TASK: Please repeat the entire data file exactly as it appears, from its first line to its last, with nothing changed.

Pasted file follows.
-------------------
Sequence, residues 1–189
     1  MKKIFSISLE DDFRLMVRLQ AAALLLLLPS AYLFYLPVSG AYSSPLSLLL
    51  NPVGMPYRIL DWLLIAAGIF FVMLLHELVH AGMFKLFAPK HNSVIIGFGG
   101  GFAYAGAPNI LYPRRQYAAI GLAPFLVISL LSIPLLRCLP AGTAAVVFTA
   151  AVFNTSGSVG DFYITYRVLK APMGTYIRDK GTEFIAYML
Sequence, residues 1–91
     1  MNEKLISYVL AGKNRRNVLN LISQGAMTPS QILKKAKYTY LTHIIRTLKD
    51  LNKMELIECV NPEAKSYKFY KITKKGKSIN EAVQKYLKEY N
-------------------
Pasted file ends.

Sequence, residues 1–189
     1  MKKIFSISLE DDFRLMVRLQ AAALLLLLPS AYLFYLPVSG AYSSPLSLLL
    51  NPVGMPYRIL DWLLIAAGIF FVMLLHELVH AGMFKLFAPK HNSVIIGFGG
   101  GFAYAGAPNI LYPRRQYAAI GLAPFLVISL LSIPLLRCLP AGTAAVVFTA
   151  AVFNTSGSVG DFYITYRVLK APMGTYIRDK GTEFIAYML
Sequence, residues 1–91
     1  MNEKLISYVL AGKNRRNVLN LISQGAMTPS QILKKAKYTY LTHIIRTLKD
    51  LNKMELIECV NPEAKSYKFY KITKKGKSIN EAVQKYLKEY N